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Vinesh Phogat’s ‘dangal’ 2.0

After a forgettable debut at the Olympics, where her dream of a podium finish ended in an injury, Vinesh Phogat is ready for the mat again

Vinesh Phogat (centre) after suffering an injury during her quarter-final bout at the Rio Olympic Games on 17 August 2016. Photo: Lars Baron/Getty Images
Vinesh Phogat (centre) after suffering an injury during her quarter-final bout at the Rio Olympic Games on 17 August 2016. Photo: Lars Baron/Getty Images

Vinesh Phogat sat on a wheelchair, her right leg in plaster, as her physiotherapist wheeled her out of the Etihad Airways flight. The 21-year-old wrestler had to be moved to one side to make way for Sakshi Malik, the bronze medallist at the Rio Olympics, who was showered with flower petals by officials on their arrival at New Delhi’s Indira Gandhi International airport. The celebrations, complete with sweets and music, continued as Malik, flanked by Haryana’s sports minister Anil Vij and officials from the state, soaked it all in.

Phogat, meanwhile, sat in her wheelchair, tears rolling down her cheeks. “Vinesh doesn’t cry, Vinesh is strong, right?" her physio comforted her. Phogat forced herself to nod; the wrestler who went to Brazil as a strong medal contender had to be carried on a stretcher after a freak knee injury in her quarter-final bout.

“Gayaa, sab gayaa (Over, it’s all over)," was her first thought when she sustained that injury in August, she says. The first point of the 48kg freestyle quarter-final bout went to the 2014 Commonwealth Games gold medallist Indian. But China’s Sun Yanan hit back with a takedown that would fetch her two points. And then she pinned Phogat down in an awkward position that left the latter’s right knee injured. Phogat grimaced in pain, and had to eventually forfeit the fight at 1-2.

“My back was fine, but I just couldn’t move my leg," she recalls as she trains at the national camp in Lucknow. “I had no idea what was happening. I remember telling the doctors to give me a painkiller so that I could go back inside and finish my fight."

Nine months after she sustained the injury, Phogat is ready to attempt an international comeback.

But the pain is still fresh. “As I waited with the medical team, I found out after a few hours that Sakshi (Malik) was fighting for a medal. I cheered for her. But the moment I was alone in the room, I couldn’t stop my tears," says the Balali girl, a cousin of Geeta and Babita, the famous Phogat sisters.

Back in India, it was only when surgeon Dinshaw Pardiwala, of Mumbai’s Kokilaben Dhirubhai Ambani Hospital, told her she had suffered an anterior cruciate ligament (ACL) tear that she realized the extent of her injury.

“I honestly didn’t think I would be able to return to the wrestling mat ever," Phogat admits. She even refused to go to New Delhi to receive her Arjuna Award from the President in August. “No way was I going to accept the award sitting on a wheelchair," she says.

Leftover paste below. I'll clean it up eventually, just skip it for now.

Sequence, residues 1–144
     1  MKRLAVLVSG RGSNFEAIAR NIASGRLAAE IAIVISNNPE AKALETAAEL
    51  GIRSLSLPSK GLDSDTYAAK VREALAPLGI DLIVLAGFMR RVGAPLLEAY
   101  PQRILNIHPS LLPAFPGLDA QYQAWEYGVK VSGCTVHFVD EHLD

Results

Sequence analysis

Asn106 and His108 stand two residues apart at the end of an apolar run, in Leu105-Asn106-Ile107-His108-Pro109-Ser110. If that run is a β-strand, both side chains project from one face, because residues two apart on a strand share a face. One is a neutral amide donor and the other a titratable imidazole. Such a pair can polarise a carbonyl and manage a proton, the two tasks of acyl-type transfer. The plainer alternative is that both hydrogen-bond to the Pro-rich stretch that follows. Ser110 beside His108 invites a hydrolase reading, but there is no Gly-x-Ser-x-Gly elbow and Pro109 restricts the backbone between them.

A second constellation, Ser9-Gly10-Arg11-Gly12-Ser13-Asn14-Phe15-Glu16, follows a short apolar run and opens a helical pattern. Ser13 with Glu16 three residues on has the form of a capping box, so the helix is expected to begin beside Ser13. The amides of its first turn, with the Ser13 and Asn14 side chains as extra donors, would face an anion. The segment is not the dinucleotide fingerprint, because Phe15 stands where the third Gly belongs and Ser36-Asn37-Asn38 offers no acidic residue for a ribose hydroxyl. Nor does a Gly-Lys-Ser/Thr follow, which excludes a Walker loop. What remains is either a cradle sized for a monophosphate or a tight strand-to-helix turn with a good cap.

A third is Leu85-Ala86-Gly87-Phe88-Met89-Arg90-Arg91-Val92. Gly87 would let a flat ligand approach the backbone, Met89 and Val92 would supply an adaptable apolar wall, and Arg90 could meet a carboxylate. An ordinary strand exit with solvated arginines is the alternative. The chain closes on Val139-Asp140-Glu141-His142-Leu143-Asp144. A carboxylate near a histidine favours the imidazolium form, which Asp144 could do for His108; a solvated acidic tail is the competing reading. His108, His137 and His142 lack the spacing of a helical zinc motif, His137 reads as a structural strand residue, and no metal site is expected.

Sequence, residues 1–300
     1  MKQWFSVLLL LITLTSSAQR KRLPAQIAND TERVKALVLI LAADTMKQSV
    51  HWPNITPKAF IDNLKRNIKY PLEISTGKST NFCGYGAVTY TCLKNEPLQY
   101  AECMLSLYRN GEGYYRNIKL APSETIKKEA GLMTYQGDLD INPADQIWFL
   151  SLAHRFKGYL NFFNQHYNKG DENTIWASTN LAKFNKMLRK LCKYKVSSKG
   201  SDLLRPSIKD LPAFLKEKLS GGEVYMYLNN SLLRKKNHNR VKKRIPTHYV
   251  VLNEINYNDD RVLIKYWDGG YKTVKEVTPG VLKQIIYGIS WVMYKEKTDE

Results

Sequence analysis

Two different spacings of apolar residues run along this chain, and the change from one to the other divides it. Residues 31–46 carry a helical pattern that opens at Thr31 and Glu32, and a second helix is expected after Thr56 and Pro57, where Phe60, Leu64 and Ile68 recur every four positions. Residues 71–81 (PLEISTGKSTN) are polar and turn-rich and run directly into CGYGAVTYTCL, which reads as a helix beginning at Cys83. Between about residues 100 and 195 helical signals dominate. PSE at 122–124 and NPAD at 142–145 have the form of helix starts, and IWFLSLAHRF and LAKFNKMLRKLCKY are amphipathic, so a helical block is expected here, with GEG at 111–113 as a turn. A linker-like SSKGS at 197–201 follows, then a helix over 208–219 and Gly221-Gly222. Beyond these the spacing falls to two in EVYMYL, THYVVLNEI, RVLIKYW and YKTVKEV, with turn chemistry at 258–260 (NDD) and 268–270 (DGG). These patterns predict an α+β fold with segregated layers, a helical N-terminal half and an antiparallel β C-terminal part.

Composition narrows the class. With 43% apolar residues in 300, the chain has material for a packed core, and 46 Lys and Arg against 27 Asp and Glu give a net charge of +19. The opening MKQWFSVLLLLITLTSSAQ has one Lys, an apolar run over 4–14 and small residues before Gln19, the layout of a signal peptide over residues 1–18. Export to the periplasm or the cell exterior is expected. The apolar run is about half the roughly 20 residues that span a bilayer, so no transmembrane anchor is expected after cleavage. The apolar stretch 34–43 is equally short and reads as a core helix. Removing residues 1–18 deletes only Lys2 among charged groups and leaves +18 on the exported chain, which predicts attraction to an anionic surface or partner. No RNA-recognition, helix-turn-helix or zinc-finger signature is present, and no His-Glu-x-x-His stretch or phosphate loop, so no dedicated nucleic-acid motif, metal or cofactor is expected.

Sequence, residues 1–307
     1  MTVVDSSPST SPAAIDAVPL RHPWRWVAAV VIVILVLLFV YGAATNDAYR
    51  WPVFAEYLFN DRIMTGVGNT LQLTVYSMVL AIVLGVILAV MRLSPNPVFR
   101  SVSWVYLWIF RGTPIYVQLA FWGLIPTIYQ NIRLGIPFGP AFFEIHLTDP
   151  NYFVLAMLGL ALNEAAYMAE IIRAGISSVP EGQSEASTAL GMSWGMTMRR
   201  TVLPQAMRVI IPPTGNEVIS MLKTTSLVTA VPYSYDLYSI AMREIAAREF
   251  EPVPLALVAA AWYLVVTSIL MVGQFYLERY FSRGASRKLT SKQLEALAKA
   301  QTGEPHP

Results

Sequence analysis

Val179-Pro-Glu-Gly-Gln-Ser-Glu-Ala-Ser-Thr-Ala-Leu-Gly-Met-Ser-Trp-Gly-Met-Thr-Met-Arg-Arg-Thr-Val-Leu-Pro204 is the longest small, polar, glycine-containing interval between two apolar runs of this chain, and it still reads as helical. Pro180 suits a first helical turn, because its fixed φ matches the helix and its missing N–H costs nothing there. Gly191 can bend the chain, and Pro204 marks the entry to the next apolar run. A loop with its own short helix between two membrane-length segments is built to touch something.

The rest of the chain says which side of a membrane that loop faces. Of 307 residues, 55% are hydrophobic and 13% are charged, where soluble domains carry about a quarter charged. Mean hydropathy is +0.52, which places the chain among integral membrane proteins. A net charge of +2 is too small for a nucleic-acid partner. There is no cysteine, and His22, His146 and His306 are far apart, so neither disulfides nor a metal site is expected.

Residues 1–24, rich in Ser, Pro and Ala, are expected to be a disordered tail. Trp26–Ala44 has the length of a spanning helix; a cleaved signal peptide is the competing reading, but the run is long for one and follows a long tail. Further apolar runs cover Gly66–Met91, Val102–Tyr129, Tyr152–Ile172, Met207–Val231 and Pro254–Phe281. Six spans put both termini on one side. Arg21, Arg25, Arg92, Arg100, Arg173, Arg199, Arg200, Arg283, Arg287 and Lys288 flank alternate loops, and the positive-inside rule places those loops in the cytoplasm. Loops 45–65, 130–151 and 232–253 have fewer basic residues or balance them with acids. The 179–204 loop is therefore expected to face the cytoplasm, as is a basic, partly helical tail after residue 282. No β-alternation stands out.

But she did. And the loudest cheers were reserved for the moment when President Pranab Mukherjee climbed down three steps to hand it to her.

In those difficult days, she found comfort in talking to fellow wrestler Somvir Rathee, whom she recently called her “best friend and love of her life" on social media. Phogat and Rathee, a 75kg Greco-Roman wrestler, met at the national championships (2011-2012).

“I really thought it (the injury at Rio) was the end of my career," says Phogat, “but he was the one person who always backed me."

The road to recovery after the knee surgery was a long one. A team of experts from JSW, Phogat’s sponsors, suggested she should go for rehab at the JSW Sports Excellence Centre in Bengaluru. She had to begin from scratch. “We had to put together a protocol for her, and the main idea was always to ensure there is no further damage," says Donavan Pillai, head of sports science and medicine with the JSW Sports team.

Born into the famous Phogat family of wrestlers, Vinesh was pushed into the sport even though tennis was her first love. “I had been a wrestler since I was 7," she says. “And suddenly I was not wrestling. I used to see my wrestling shoes in a corner of the room every day, and get angry that I could do nothing with them."

The recovery started with light stretches, basic knee work, arm work, then, gradually, some shadow wrestling. “She’s so driven that you need to police her," Pillai says. “You can understand she has missed being on the mat, so she wants to give her all. We had to hold her back and explain why she needed to be slow with this."

In January, Phogat returned to the national camp in Lucknow, under the constant supervision of a physio from the JSW team. “I was actually surprised to see her at the camp," says national women’s wrestling coach Kuldeep Yadav. On her return, Phogat took to wrestling like she had never been away. “It’s not that she had forgotten how to wrestle because she was out for four-five months. But I was surprised by her stamina even after the gap," says Yadav.

In March, she competed at the Bharat Kesari Dangal in Ambala, a national-level tournament, in the 53kg category, and won gold. “Since I was recovering from a big surgery, I couldn’t afford to lose weight. It would weaken my muscles further. That’s why I competed in the 53kg category (and not in her regular 48kg event)."

After an exposure trip to Bulgaria last month, Phogat is now ready for her international comeback, at the Asian Championships in New Delhi from 10-14 May, where she will be fighting in the 55kg category. The competition will be a good platform to gauge her form and fitness as she gears up for the World Championships being held by United World Wrestling in August.

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